• Pages 29-30: script-to-final comparisons for pages 1-2.  Omitted from the collected editions; included in the omnibus edition.
  • Pages 31-32: two black-and-white pieces, one for Mike Perkins' variant cover for this issue and the other for his variant cover for the next issue, Soul Survivors #1 (a cover which I will assuredly have more to say about in the post about that volume).  Omitted from the collected editions; included in the omnibus edition.

Alright, so, let's do our thang and discuss American Nightmares in a bit more depth.

The whole thing begins with a two-page, eight-panel visit to Arnette, Texas, where not a creature is stirring if by "creature" you mean human being.  There are assorted squirrels and crows and whatnot stirring, plus these animals:

American Nightmares #1, page 2, panels 3-4

Seeing the dog makes me think of how gross it would be to eat snot-covered superflu-ravaged corpses.  But a dog gotta be a dog, I guess.

The thing with the cats -- which comes from the novel -- is cool.  I'm a cat person; one of mine is meowing at me pretty vigorously tonight, too.  Leave me 'lone, kitty, I'm bloggin' 'bout Stephen King comics!

The thoughts of cats being immune to the plague sets my mind to wandering, imagining what sorts of shenanigans could occur in an America where cats suddenly outnumber humans by a significant margin.  For starters, I suspect every single human -- except maybe for the ones allergic -- would suddenly find themselves with seven or eight pet cats.  In Boulder, you'd be tripping over the little cocksuckers every few steps, I suspect.  And the bird population would probably take a massive hit as a result, since there's not exactly much of a chance that the cat-food factories are going to start up again anytime soon.  Eventually, a great many cats are born feral, and maybe there's some sort of a war between the wild cats and the domesticated ones.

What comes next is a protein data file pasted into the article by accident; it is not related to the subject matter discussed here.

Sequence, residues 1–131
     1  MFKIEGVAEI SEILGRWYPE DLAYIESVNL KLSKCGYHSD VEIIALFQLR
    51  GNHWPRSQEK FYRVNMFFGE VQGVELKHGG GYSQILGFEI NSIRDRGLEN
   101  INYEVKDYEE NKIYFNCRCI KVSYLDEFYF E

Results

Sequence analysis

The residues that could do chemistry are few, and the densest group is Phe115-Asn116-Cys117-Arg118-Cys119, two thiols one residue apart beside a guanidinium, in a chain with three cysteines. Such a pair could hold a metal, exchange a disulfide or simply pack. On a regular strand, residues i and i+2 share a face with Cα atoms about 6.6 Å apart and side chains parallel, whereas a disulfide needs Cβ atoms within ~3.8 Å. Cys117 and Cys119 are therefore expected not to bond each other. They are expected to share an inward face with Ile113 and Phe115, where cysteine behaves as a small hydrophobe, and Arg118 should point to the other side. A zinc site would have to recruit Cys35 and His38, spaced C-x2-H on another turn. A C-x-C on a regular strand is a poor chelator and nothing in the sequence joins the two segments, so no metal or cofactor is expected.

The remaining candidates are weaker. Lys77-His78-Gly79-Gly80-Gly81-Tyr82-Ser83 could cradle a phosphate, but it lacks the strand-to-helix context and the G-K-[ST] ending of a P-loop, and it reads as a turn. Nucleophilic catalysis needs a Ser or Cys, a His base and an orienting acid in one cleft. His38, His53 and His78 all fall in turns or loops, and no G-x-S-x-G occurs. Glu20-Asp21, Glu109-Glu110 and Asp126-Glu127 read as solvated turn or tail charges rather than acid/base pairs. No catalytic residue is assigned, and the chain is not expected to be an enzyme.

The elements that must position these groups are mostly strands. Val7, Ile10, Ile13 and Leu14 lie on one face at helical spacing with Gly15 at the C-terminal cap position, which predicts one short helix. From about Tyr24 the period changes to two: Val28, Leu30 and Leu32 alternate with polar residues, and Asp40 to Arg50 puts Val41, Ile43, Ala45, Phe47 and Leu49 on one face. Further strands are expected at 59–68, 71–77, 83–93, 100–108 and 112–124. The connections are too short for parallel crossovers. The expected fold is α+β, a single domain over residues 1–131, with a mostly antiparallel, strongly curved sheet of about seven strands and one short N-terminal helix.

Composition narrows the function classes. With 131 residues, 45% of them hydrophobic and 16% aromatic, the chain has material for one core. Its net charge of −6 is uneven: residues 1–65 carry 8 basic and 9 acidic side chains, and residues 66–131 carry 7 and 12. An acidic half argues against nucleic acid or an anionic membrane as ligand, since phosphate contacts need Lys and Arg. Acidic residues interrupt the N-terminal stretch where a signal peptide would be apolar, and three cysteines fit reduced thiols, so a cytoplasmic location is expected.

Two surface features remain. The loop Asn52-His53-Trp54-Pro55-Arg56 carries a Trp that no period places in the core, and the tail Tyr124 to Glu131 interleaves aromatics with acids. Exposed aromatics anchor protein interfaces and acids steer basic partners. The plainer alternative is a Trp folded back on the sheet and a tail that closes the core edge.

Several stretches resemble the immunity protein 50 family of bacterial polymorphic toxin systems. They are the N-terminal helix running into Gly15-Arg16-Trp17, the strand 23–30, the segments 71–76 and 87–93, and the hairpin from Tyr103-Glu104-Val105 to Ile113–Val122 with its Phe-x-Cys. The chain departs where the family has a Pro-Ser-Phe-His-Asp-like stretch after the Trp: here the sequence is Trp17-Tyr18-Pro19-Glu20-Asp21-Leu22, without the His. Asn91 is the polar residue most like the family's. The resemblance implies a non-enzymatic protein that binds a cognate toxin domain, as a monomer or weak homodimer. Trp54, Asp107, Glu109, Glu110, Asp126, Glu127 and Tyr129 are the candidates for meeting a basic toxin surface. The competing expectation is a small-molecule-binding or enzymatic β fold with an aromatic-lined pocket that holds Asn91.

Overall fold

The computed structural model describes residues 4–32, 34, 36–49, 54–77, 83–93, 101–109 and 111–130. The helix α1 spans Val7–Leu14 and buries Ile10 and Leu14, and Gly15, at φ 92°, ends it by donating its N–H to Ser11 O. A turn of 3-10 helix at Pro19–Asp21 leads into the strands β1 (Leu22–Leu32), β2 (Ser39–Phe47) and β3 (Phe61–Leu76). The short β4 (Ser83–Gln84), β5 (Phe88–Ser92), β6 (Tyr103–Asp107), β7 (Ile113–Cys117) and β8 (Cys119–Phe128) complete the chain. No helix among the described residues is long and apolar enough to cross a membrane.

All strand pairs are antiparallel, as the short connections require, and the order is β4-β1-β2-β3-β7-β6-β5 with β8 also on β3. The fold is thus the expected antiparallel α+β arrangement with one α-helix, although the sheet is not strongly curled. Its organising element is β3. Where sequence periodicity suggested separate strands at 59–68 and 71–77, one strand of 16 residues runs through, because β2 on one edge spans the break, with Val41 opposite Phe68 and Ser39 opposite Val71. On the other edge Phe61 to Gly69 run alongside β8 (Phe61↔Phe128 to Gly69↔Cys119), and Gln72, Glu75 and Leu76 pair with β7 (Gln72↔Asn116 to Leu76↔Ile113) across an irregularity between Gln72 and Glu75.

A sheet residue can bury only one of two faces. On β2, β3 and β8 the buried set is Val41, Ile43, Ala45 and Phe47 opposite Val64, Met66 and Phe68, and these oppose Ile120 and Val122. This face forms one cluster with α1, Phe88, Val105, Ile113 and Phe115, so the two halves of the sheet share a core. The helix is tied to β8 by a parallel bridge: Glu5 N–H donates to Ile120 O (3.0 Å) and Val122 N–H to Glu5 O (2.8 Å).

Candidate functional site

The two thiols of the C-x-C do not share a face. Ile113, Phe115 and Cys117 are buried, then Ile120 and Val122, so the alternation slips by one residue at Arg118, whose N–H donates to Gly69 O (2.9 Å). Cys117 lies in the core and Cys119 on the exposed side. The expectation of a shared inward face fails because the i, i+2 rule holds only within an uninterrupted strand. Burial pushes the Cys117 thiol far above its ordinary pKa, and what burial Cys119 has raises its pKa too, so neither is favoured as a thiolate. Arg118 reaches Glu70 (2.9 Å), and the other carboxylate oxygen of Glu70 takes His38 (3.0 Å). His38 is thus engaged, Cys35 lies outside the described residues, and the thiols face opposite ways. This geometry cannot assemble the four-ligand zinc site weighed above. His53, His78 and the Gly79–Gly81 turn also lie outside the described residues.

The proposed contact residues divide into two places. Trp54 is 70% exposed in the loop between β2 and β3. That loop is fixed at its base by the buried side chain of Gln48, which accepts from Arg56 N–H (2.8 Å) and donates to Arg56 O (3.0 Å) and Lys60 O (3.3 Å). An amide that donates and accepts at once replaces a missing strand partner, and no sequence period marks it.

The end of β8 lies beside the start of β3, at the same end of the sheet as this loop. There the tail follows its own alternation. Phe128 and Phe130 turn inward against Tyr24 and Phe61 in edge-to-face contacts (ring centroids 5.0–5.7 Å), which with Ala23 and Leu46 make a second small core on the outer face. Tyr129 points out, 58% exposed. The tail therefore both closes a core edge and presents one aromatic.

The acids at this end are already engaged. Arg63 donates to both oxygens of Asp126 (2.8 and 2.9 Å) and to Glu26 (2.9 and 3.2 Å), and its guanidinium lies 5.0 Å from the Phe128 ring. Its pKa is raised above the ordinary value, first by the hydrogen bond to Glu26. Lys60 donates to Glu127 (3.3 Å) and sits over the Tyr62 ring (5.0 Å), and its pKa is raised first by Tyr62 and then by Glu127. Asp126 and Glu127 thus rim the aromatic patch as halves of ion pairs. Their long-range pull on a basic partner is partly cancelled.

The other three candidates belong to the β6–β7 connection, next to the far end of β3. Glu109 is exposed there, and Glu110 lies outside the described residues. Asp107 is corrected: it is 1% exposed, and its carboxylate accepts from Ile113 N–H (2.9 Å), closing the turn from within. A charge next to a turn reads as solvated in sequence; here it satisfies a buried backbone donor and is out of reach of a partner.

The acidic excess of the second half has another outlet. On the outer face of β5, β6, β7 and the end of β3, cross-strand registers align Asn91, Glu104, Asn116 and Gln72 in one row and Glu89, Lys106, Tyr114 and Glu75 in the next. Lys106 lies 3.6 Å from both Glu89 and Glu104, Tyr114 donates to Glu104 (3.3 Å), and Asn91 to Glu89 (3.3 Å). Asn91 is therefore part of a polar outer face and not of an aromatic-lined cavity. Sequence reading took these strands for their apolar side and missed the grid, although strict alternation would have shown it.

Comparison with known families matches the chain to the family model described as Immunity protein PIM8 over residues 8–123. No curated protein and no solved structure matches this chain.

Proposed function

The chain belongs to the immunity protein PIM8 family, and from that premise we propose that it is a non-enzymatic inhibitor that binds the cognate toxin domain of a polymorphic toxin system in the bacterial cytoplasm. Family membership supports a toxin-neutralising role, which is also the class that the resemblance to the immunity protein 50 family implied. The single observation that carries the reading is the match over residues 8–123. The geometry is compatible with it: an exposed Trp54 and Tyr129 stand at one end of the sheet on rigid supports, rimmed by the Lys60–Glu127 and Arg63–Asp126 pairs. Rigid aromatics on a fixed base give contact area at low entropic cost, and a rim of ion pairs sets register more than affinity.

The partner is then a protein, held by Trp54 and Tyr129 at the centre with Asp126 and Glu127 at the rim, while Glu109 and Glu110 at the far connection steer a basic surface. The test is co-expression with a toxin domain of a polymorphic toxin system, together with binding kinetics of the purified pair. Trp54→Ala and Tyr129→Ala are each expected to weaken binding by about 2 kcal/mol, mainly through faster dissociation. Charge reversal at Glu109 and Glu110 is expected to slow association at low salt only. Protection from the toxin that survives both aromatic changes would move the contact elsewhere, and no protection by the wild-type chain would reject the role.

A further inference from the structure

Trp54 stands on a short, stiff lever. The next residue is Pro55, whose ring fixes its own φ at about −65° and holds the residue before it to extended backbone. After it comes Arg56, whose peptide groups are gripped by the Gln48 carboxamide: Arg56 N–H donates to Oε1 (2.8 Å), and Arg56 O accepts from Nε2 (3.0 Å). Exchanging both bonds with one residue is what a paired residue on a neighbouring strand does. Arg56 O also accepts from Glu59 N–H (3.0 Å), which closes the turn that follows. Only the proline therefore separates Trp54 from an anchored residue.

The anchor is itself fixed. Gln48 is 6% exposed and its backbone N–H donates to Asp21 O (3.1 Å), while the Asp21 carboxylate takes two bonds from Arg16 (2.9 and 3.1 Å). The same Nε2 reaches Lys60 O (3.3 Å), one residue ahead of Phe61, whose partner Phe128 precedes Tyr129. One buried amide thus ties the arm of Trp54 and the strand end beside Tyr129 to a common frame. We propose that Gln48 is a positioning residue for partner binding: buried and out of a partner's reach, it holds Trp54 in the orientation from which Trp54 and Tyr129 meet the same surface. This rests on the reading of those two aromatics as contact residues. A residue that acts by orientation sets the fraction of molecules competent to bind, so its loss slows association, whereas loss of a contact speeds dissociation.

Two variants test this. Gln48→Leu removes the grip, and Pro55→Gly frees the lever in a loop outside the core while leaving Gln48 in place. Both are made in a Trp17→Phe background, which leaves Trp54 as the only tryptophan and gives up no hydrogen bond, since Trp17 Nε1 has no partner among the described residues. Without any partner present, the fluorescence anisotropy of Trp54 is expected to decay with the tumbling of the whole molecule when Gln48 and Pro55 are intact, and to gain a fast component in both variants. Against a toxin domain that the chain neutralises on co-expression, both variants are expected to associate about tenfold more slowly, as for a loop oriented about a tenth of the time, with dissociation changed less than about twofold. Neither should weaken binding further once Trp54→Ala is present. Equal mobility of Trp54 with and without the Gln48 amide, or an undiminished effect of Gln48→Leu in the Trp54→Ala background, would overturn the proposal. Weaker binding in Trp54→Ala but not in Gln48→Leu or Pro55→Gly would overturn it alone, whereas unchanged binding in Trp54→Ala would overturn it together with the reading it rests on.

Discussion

American Nightmares #1, page 6, panel 1

I don't know if it was Aguirre-Sacasa or Perkins, but somebody calling shots on this series has a serious hardon for showing people counting things on their fingers while talking.  It doesn't work in this medium, though.  It looks like Mike is angrily telling Nick about something he did on prom night.  Maybe it's advice for when Nick meets Julie Lawry...

American Nightmares #1, page 8, panel 2

This monkey -- which I think is a baboon and not so much a monkey -- creeps me out.  I mean, like, seriously creeps me out.

American Nightmares #1, page 8, panel 3

This monster-shouter looks nothing like an old man, and also bears a distinct lack of resemblance to Kareem Abdul-Jabbar.  He also looks like he's near the upward stop in his touch-the-toes exercise routine.

American Nightmares #1, page 8, panel 4

I really like the plot point that Larry talks to other survivors before he meets Rita.  It makes their encounter seem less random, and it also makes perfect sense that even with a 99.4% mortality rate, there'd still be a significant population in New York City.  Wouldn't you love to somehow see a spinoff that dealt with the Big Apple post-Flagg?  I've got two words for you: Snake Plissken.

American Nightmares #1, page 13, panels 2-3

Here are two more words: Harold Lauder.

Harold is unquestionably one of the novel's most important characters, and boy, was Mike Perkins up against a wall in figuring out how to depict him.  He's described in the novel as being just kind of pathetic and gross, and so Perkins has done things like make him seemingly unable to properly tuck in his shirt, and has riddled his face with acne.  I get that.  But man, what is up with the tongue in the above panel?  That's awful.